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High CRP (c reactive protein)
Is a Key Risk Factor for Heart Attack. Has Your Doctor Checked Yours?

The benefits of a CRP test are rarely mentioned by physicians.

It was several years ago that I first learned about c reactive protein, and how the inflammation that is measures is one of the key factors contributing to artery blockage that leads to a heart attack or stroke.

Dr. Perricone, the best selling author of The Wrinkle Cure and the Perricone Prescription has spent decades studying the connection between inflammation, heart disease, cancer and aging.

He relates his difference of opinion with his professors in medical school.

 “By the time I entered medical school, I had already served in the army and had been the director of the Muscular Dystrophy Association.

Perhaps it was those few extra years in the ‘real world’ that made me less accepting of conventional wisdom. I was always eager to shake things up, to challenge traditional thinking.

I noticed that every time I saw skin cancer under the microscope, inflammation was present at the cellular level. I questioned my professors, and their explanation was that the body mounts an immune response to try to fight the cancer, resulting in inflammation.

I asked if an inflammatory response could be triggering or promoting cancer but medical students quickly learn that topics like this are not open for debate.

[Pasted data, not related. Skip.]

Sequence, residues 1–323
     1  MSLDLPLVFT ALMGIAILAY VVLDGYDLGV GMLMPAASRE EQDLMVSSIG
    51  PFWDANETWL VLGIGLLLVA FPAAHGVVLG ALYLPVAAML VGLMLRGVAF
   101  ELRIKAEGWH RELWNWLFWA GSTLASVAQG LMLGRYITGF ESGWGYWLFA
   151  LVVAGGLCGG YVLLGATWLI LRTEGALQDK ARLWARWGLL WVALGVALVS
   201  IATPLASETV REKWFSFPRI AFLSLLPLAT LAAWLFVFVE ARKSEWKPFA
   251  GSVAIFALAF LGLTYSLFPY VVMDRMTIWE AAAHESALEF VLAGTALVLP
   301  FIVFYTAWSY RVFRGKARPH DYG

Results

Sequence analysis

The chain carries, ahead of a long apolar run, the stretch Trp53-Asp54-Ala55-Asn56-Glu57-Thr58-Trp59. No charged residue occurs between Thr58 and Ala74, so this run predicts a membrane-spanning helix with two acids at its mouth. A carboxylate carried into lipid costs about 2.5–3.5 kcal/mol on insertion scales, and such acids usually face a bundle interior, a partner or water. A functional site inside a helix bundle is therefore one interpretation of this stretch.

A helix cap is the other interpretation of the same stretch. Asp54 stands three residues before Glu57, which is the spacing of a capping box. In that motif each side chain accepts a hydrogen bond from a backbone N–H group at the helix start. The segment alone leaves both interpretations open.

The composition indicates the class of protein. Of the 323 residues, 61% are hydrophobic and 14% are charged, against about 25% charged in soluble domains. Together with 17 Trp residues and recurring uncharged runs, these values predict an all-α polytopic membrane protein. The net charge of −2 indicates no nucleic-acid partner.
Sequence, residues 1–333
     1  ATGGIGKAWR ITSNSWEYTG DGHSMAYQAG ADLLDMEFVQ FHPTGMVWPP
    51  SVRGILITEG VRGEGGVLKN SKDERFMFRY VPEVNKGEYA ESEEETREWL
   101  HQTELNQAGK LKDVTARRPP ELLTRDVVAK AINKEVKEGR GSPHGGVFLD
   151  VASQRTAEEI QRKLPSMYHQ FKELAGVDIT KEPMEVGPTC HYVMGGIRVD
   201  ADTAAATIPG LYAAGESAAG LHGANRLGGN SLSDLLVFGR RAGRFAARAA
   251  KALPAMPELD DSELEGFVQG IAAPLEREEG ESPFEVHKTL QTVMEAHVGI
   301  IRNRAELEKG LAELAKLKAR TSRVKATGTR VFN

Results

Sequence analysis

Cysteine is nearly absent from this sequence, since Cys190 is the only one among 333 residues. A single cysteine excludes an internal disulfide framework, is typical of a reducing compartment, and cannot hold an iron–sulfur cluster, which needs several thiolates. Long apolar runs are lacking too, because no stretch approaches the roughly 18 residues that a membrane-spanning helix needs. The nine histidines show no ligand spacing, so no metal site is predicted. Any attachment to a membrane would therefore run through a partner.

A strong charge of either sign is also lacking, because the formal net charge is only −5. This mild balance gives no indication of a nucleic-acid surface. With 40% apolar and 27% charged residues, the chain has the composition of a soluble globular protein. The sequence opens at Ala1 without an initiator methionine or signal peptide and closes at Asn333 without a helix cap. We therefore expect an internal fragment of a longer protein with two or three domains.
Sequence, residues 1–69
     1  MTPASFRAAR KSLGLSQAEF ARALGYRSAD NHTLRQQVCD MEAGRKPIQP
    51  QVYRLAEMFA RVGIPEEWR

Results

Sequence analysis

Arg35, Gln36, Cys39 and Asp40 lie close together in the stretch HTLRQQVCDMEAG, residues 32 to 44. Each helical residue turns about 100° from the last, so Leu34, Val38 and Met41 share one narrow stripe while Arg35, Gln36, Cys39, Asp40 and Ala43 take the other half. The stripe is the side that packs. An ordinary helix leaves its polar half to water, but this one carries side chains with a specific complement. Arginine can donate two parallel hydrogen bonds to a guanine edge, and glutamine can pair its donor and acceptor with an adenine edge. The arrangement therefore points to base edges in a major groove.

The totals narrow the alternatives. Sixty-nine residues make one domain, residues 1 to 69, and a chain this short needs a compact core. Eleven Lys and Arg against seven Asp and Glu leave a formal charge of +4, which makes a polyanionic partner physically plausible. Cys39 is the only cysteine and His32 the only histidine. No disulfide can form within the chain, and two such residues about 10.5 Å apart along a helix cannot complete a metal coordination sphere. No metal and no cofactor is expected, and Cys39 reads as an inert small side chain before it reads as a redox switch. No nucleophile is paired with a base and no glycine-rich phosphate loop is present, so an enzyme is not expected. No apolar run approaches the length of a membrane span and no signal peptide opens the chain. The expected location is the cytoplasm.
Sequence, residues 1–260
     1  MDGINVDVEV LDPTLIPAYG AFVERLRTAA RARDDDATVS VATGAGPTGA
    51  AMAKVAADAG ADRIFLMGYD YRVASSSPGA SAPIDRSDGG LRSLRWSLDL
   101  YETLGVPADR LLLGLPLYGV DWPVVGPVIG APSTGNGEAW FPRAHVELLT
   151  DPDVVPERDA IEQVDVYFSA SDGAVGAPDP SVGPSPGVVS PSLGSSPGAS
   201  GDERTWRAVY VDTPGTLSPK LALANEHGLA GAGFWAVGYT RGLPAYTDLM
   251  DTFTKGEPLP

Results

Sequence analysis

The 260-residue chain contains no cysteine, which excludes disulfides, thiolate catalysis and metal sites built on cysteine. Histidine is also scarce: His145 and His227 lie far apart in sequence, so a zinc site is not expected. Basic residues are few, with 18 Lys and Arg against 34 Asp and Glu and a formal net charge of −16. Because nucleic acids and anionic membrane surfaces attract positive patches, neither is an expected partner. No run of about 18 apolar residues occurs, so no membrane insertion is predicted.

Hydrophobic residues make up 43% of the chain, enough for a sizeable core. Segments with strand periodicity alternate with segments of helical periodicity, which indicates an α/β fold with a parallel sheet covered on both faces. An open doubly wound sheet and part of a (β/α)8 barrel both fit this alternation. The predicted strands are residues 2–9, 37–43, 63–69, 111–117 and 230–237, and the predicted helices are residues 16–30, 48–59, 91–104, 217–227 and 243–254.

I knew what I saw and never let it go. Whenever I looked at a disease under a microscope—everything from arthritis to heart disease—inflammation was always a component.”

High CRP triples risk of heart attack.
This marker indicates an increased risk for destabilized atherosclerotic plaque and abnormal arterial clotting.

When arterial plaque becomes destabilized, it can burst open and block the flow of blood through a coronary artery, resulting in an acute heart attack. One of The New England Journal of Medicine studies showed that people with high levels of C-reactive protein were almost three times as likely to die from a heart attack.

Dr. Nicolas Perricone’s inflammation research
Dr Perricone focused on finding the causes of this inflammation and how to stop it. What he discovered may surprise you as it did me.  

CRP, sugar and inflammation
As a sweet-o-holic it pains me greatly to write this but simple carbohydrates such as sugar and white flour  are very inflammatory. There is also strong evidence that they are one of the underlying causes of weight gain…not dietary fat.

Can we stop this inflammation?
Can we control the amount of inflammation in our body? You bet.
Exercise and weight loss help lower CRP levels.

A new study at the renowned Cooper Clinic in Dallas, Texas, compared the amount of CRP in people with varying levels of fitness. Those with the highest fitness levels had nearly a 300% lower risk of having a heart attack than those with the lowest fitness.

A CRP blood test measures the inflammation in the body.
High levels of CRP in your blood  may indicate an increased risk of heart disease, diabetes, arthritis and more. Inflammation has also been linked to several risk factors including hypertension (high blood pressure) and high triglycerides.

What are your c reactive protein numbers?

  • A CRP level higher than 5 mg/L has almost three fold increased risk of congestive heart failure.

  • Elevated CRP levels significantly predict the risk of a stroke

  • A high c reactive protein level above 2.91 mg/L predicts a nearly three times higher risk of developing type-2 diabetes.

You should have a blood test of c reactive protein (CRP)
Inflammation in the arteries is a lethal combination
that you can and should minimize as much as possible. If your doctor hasn't checked your CRP recently I encourage you to have him include it in your next blood test.


Gene

 

 

 

 

 

 

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